I still don't know what aspect of prostitution objectifies in itself. 

Gary Banham said...

Thanks for your latest Tim which was very helpful and I suspected your basic argument was that objectification is only a contingent and not a necessary aspect of prostitution. It is good to get this clarified as it makes manifest where the real difference of view between us resides. I am claiming that objectification is an essential part of the prostitutive relation so let me go through again why I think this is so.

I take four elements of objectification to be part of the prostitutive relation. I assume these to be:

1) denial of subjectivity
2) violability (though, as I'll add, there are some complications with this)
3) fungibility
4) instrumentality

Going through these in turn, I should add it is was the first that I was referring to in my last reply and that your point about intimacy touches on. You are right that when we engage the bank clerk (which is instrumental) there is no need to view them as equivalent to an ATM (which would be to treat them as fungible). So, correct, instrumentality does equate with fungibility. However, I was instead referring to denial of subjectivity which is a different point. So I'll try now to separate these characteristics out.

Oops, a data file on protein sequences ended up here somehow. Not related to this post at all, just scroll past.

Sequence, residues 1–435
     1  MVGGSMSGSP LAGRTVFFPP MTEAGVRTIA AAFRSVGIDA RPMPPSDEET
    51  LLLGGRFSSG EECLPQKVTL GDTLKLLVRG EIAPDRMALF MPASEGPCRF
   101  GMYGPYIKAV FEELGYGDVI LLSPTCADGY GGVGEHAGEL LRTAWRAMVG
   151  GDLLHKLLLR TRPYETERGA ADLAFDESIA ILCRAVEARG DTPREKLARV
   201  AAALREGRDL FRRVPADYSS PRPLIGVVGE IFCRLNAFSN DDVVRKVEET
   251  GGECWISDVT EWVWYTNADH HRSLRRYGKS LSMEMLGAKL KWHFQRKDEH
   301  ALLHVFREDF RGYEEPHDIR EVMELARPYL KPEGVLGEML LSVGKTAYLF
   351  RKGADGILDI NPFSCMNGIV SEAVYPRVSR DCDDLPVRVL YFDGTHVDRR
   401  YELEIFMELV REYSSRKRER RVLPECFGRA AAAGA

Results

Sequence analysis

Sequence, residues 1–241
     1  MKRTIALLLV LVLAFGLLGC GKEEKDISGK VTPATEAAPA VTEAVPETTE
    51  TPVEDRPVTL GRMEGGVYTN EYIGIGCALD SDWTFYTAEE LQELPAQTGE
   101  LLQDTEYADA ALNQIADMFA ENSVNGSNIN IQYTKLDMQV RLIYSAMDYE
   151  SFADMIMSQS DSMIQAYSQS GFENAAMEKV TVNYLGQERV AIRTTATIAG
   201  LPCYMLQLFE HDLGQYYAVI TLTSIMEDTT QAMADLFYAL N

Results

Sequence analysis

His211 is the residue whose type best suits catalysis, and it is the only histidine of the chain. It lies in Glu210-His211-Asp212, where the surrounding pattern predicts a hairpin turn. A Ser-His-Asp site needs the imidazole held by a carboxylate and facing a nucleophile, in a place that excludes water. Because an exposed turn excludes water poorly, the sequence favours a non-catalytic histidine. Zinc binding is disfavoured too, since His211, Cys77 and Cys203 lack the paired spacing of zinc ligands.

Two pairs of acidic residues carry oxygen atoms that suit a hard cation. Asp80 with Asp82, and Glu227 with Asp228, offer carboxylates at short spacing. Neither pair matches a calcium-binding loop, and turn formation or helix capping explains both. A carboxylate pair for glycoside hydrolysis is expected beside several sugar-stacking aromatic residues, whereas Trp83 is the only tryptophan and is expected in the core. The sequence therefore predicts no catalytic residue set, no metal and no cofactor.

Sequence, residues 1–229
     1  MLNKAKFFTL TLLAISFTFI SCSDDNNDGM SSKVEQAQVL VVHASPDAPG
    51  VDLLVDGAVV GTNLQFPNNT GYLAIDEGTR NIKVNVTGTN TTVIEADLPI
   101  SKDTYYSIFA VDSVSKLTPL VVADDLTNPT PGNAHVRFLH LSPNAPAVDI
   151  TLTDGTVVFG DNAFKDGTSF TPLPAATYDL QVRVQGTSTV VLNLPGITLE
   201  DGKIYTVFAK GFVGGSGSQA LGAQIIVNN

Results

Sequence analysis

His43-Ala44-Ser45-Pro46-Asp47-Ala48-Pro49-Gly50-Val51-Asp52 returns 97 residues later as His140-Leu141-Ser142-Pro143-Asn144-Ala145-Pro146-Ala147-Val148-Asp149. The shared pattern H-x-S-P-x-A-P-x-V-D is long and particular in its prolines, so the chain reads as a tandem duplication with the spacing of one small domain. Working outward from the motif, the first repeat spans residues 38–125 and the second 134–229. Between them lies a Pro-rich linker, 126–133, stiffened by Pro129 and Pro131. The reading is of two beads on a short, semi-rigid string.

Denial of subjectivity is part of the prostitutive contract I have suggested in one key sense. This is that the provision of recognition of feelings on the part of the prostitute can *never* (even under ideal conditions) form part of the contract. This does not entail, you are quite right, that the relationship *has* to be cold. It could well be that the prostitute engages with a particularly considerate client and that said client takes account of her feelings and presses nothing upon her that would violate recognition of those feelings. So, in principle, the client can recognise her subjectivity but, and this is what is crucial for me, his contract with her could *never* do so. Were the contract itself to recognise this then it would transform the relationship into one in which the subjectivity of the prostitute was officially recognised as such and, in so doing, her fungibility would be compromised. What makes her tradeable, in other words, is precisely that her subjectivity is denied a constitutive role in the relation with her that is prostitutive.